On an anti-Trump conference call Sunday evening, Georgia delegate Bobby Booth said the No. 2 person in the Trump campaign had called him, asking whether he'd been contacted by anti-Trump organizers. “I told him I was seeking them out,” Booth said.
The conference call comes as the anti-Trump “Free the Delegates” movement gets more media attention, along with radio ads from a friendly super PAC, cable TV ads from a secret donor political group and more establishment Republican support.
Joining the call Sunday was former New Hampshire Sen. Gordon Humphrey (R), who supported Ohio Gov. John Kasich in the GOP primaries. “Donald Trump is just about the worst candidate you can think of,” he said.
Just a week ago, both Trump and RNC chief strategist Sean Spicer were calling the anti-Trump group a media invention. Trump called it a “hoax” that had been “made up by the press,” and also said there was “no mechanism” by which his GOP rivals could challenge his candidacy.
Neither the Trump campaign nor the RNC responded to The Huffington Post's queries about what steps they are taking, if any, to counter the anti-Trumpers.
But Booth’s report suggests that Trump’s campaign is now taking the insurgent group seriously. Colorado delegate Regina Thomson said the Trump campaign is using its meager campaign funds to cover travel and lodging costs for volunteers and delegates attending the Cleveland convention to shore up Trump's support there, rather than using the money against his Democratic opponent Hillary Clinton.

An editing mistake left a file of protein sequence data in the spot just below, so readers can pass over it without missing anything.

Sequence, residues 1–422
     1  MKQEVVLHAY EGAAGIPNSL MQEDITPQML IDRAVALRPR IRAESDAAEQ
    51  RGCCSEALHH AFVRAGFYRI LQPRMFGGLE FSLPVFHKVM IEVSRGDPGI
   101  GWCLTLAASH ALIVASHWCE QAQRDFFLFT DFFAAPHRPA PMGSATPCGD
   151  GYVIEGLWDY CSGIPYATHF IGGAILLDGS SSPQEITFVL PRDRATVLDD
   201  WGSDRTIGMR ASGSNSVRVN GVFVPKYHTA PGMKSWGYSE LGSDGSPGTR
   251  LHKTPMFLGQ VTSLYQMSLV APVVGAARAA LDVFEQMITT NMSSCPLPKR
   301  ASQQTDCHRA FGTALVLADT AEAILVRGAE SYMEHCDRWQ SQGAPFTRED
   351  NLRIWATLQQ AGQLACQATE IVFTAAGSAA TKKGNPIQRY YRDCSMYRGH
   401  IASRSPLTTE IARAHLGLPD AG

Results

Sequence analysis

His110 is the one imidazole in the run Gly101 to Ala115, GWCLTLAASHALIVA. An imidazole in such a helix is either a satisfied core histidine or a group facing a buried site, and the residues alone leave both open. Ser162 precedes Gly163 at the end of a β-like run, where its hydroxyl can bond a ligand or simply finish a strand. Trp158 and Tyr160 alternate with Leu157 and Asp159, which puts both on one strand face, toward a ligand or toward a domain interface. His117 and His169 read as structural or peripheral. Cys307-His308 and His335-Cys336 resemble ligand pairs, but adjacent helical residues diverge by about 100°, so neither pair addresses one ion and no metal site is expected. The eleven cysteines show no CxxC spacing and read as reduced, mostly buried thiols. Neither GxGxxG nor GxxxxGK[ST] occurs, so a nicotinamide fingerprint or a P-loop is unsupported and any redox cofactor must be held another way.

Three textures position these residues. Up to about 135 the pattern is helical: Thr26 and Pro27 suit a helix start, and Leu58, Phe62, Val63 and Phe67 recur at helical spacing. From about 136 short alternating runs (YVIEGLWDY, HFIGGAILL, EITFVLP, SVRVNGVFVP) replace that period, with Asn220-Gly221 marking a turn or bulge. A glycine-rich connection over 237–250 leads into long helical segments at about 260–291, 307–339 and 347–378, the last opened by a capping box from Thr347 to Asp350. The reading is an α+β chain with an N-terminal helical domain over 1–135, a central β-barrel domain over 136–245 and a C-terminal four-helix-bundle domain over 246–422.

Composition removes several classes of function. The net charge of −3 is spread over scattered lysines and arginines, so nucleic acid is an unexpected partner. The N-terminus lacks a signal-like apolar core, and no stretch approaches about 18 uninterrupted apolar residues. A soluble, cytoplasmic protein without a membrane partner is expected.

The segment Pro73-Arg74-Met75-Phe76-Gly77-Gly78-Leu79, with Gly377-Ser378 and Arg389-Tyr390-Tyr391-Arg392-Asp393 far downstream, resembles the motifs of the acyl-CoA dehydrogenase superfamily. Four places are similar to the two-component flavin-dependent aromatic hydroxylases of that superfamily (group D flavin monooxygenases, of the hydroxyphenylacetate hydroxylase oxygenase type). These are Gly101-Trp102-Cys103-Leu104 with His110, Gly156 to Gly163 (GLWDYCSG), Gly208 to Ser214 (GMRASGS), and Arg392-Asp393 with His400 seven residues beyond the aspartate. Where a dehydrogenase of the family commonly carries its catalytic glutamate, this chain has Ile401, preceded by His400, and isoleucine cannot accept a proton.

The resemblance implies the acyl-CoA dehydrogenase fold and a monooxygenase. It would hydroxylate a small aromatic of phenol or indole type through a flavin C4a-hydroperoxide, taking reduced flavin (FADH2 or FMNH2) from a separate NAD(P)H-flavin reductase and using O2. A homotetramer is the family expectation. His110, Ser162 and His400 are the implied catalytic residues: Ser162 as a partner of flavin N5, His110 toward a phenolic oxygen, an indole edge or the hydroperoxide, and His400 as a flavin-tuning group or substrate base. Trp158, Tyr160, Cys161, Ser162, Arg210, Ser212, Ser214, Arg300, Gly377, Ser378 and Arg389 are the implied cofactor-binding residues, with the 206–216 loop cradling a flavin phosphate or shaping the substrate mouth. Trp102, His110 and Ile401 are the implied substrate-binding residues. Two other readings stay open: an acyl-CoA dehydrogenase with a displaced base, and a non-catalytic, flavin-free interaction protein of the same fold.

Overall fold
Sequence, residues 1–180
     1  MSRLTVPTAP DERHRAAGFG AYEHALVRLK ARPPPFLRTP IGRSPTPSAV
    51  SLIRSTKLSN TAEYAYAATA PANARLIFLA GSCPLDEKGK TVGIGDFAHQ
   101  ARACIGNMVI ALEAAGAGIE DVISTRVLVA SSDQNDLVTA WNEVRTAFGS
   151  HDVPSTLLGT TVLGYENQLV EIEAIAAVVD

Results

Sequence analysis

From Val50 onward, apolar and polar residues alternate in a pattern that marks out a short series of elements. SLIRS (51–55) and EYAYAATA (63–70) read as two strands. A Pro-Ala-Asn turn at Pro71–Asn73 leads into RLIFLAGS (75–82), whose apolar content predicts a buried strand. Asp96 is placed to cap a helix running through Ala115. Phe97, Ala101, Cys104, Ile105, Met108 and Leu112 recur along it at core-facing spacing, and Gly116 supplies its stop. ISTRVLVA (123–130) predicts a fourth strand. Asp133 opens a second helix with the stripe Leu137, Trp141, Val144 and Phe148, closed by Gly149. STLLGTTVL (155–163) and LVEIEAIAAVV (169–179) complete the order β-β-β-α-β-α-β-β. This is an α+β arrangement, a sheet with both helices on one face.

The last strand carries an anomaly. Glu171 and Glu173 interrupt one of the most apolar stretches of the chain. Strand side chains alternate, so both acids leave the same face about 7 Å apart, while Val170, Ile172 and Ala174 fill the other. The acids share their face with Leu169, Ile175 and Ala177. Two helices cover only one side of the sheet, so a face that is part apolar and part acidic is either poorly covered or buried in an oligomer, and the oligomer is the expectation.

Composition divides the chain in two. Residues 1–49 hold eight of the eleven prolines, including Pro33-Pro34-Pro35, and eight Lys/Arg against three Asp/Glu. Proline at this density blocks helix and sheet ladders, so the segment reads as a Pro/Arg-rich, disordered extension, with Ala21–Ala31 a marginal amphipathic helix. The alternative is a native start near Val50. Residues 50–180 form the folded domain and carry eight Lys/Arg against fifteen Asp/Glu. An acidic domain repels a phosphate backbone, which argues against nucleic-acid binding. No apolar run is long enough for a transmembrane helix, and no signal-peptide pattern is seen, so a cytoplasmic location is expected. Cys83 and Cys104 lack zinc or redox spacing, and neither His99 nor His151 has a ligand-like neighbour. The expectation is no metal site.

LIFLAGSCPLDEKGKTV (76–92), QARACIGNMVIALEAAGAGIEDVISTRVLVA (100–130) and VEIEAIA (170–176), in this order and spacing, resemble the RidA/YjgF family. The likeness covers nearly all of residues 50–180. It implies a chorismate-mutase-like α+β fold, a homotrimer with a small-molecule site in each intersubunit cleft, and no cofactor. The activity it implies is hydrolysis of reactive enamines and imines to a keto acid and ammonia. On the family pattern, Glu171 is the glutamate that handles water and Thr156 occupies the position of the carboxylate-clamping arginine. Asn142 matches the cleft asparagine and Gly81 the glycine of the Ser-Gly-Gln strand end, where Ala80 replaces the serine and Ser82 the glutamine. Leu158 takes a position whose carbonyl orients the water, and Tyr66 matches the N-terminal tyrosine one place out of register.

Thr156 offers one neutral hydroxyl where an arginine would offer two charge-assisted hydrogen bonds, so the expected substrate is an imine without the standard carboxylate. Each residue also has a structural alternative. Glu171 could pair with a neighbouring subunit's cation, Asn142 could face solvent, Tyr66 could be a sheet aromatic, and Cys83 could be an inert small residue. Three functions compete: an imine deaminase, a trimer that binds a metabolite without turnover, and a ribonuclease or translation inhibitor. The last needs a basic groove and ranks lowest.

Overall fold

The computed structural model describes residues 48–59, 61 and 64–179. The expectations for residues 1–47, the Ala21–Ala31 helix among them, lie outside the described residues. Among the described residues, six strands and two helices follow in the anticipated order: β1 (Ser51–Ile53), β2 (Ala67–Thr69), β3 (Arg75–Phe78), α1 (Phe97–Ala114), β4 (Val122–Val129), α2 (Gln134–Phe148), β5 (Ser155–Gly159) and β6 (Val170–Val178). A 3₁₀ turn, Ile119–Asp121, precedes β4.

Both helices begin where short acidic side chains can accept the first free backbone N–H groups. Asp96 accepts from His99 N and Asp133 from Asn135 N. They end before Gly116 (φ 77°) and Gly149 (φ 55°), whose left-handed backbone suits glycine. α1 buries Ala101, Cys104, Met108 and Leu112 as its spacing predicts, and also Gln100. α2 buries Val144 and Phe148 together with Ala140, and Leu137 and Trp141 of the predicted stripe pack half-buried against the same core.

The chances of modifying convention rules to relieve delegates of their obligation to vote for Trump are now “better than even,” and new delegates are contacting the group each day, Thomson said. “That is not a man of integrity,” she said of Trump. “The Republican Party and the American people deserve better.”
“Donald Trump is just about the worst candidate you can think of.”
The anti-Trump activists have just over two and a half weeks before the Convention Rules Committee meets in Cleveland prior to the convention. Although Trump won a total of 1,457 delegates in the primaries and caucuses this spring, the rule that requires those delegates to vote for Trump must be re-adopted by this year’s convention to remain valid.
The “Free the Delegates” group is hoping to win over a majority of the 112-member rules panel on its proposal to insert a “conscience clause” that would let any delegate avoid voting for a candidate whose record violates the delegate’s religious or moral beliefs.
Group leader Kendal Unruh, also a Colorado delegate and a member of that rules committee, said she believes that the full convention will go along with the conscience clause if the rules committee approves it – and that it would effectively be the end of Trump’s candidacy.
“If there are Rules members who are listening in,” she said Sunday, “I need your votes.”